2. Total annual compensation for HCEs. The earnings threshold for HCEs will also increase in two phases.
    1. Beginning July 1, 2024, the total annual compensation requirement will increase to $132,964.
    1. Beginning January 1, 2025, the annual compensation requirement will increase to $151,164.
  3. Automatic updates to the salary threshold level. The DOL will update salary threshold levels every three years beginning on July 1, 2027 to keep pace with inflation and provide employers with a timetable for future employee salary adjustments. The DOL included a provision in the rule allowing a temporary delay to scheduled updates in the event of unforeseen economic or other warranted circumstances.

What is not changing?

There are a few aspects of the current overtime rule that are not changing, including:

  • Job duties test—An employee must continue to meet both the duties and pay requirements of at least one exemption in order to be classified as exempt.
  • The existing weekly salary level of $455 ($23,660 per year) will continue to apply to employers in Puerto Rico, the Virgin Islands, Guam and the Commonwealth of the Northern Mariana Islands.

Will the final rule be challenged?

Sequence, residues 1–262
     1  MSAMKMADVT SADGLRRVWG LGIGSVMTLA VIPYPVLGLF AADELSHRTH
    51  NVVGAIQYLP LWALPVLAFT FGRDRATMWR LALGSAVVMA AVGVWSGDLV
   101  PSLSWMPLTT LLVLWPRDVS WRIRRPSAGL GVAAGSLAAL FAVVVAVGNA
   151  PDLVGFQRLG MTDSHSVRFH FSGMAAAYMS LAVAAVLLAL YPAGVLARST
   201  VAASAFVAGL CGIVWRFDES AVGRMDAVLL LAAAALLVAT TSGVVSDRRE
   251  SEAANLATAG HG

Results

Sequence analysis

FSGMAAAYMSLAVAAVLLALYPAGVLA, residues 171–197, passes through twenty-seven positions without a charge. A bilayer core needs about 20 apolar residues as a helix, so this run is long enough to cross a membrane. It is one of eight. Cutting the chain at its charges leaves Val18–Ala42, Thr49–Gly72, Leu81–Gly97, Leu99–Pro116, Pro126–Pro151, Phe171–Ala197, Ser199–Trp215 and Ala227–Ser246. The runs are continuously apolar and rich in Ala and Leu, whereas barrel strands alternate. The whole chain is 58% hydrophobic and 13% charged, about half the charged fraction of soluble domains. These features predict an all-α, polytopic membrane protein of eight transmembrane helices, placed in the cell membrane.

Yes. According to Reinhart Law, on May 22, 2024, several business and industry lobbying groups filed a lawsuit in the U.S. District Court for the Eastern District of Texas seeking to postpone the effective date of the overtime final rule.

According to the lawsuit, the final rule “disregards concerns raised by the business community and ignores the court’s past legal decisions on the issue” and will lead to increased labor costs for employers impacted by the final rule.

Two additional lawsuits were filed on June 3, 2024 by software company Flint Avenue and the state of Texas. According to those lawsuits, the final rule is arbitrary and capricious, the DOL lacks authority to issue the change and acting Labor Secretary Julie Sue improperly issued the rule because the Senate hasn’t confirmed her.

While awaiting the outcome of these cases or others that may arise, employers should continue to prepare for the final rule to take effect.